One of the primary causes of the three-day government shutdown, which went into effect on January 19 when the Senate failed to pass a spending bill, was fierce disagreement in Congress over the fate of DACA, the Obama-era program that grants protection from deportation to undocumented immigrants who arrived in the U.S. before age 16. While a number of social science researchers have noted the positive effects of DACA on economic and health outcomes for immigrant families, a new study suggests that legislation that welcomes and attempts to integrate immigrants into the U.S.—rather than criminalizing or stigmatizing them—may have unexpected benefits for native-born whites as well.
A report in the most recent issue of the Proceedings of the National Academy of Sciences investigates how different immigration policies influence the social attitudes of immigrant and native-born individuals in the United States. In their RSF-supported study, grantees Yuen J. Huo (University of California, Los Angeles), John F. Dovidio (Yale University), Tomás R. Jiménez (Stanford University), and Deborah J. Schildkraut (Tufts University) explore the effects of both hostile and welcoming state-level immigration policies on individuals’ feelings of belonging and their attitudes toward other ethnic groups.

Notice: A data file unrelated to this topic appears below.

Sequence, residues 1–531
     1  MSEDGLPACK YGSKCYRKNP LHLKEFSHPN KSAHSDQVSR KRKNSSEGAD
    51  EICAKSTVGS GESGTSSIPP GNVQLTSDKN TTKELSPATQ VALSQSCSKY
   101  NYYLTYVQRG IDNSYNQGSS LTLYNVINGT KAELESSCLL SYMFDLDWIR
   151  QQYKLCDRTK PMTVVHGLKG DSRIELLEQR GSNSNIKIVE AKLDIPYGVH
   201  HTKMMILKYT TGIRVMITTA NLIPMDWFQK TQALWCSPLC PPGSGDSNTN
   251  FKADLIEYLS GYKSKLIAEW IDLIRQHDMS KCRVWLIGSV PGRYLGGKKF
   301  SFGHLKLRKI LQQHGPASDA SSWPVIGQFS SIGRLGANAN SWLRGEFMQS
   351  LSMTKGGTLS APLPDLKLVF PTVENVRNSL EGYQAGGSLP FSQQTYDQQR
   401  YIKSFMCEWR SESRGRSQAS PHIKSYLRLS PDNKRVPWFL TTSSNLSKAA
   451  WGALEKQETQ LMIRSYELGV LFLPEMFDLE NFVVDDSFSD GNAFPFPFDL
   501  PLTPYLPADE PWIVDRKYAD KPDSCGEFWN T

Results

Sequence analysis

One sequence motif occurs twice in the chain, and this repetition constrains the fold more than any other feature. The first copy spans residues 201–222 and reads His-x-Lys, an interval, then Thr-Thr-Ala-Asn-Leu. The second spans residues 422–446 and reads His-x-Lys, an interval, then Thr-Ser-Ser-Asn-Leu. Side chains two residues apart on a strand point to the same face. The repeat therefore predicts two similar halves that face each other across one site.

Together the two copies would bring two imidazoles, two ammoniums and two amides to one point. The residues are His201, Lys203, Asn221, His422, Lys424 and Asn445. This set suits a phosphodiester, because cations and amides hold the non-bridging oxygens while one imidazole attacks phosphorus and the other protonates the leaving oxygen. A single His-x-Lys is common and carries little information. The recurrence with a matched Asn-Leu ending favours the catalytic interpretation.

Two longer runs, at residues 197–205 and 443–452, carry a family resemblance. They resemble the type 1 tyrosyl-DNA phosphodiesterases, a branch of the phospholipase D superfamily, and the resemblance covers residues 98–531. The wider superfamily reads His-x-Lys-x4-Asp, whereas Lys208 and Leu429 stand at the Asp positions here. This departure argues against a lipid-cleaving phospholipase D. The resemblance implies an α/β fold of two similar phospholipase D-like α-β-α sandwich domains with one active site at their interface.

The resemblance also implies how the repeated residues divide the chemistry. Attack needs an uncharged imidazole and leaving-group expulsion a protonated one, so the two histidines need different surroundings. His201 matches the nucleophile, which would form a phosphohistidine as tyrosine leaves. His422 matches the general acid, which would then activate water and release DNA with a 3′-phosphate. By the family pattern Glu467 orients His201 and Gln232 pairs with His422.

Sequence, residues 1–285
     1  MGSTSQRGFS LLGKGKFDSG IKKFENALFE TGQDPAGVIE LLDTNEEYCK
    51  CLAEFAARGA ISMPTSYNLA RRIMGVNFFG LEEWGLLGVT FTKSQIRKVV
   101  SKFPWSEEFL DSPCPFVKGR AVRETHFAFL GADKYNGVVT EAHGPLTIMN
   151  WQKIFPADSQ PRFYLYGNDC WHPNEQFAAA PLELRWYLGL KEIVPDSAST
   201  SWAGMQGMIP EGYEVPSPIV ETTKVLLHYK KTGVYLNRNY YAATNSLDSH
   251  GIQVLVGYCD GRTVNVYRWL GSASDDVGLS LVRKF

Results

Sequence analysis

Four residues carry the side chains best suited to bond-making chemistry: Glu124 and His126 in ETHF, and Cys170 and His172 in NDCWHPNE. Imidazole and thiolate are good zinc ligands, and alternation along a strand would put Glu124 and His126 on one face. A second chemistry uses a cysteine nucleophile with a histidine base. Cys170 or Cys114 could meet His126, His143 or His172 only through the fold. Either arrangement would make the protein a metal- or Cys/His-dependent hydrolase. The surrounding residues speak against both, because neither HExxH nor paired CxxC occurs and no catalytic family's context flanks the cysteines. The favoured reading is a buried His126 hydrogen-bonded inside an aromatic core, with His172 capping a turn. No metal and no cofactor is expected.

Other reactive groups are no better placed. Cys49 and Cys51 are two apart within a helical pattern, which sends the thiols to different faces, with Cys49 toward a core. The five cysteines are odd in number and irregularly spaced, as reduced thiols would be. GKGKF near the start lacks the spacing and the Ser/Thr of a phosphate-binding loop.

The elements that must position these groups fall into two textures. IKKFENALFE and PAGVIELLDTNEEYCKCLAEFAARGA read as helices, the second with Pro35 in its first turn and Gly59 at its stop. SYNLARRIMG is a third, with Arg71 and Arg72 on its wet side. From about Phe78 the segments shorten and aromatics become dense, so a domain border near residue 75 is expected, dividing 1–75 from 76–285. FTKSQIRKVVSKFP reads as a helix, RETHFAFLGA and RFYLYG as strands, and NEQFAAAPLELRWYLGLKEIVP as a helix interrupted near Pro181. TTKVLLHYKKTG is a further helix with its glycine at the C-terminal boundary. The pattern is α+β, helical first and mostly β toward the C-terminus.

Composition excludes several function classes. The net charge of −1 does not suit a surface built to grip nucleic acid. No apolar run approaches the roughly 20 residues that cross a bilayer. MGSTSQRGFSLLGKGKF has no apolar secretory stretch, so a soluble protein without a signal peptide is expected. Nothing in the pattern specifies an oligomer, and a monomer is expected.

The investigators analyze data from a 2016 telephone survey of nearly 2,000 individuals in Arizona and New Mexico. In the phone survey, respondents were randomly assigned to consider proposals for statewide immigration policies that were either welcoming—such as granting social services for noncitizens, bilingual government documents, and state-issued identification cards—or hostile, such as English-only laws, restriction of non-citizens’ access to social services, and employer verification of immigration status. The authors find that in both states, Latino respondents, especially those who were foreign-born, expressed more positive feelings and a greater sense of belonging when they had been primed with the welcoming policy. More surprisingly, the authors show that this pattern was also true for US-born whites, with the exception of those who self-identified as politically conservative. In other words, hearing and thinking about welcoming immigration policies led to greater feelings of unity not only for Latino immigrants themselves, but also for most whites surveyed.
As the authors note, in the wake of the election of Trump—who ran on a campaign centered around hostile immigration policies and won support from 58% of white voters—commentators have often assumed that whites tend to oppose welcoming immigration policies, including DACA. But, the authors conclude, “Both liberal and moderate whites exhibited more positive affect and felt more welcomed when they were told that political leaders were considering making their state more welcoming to immigrants.”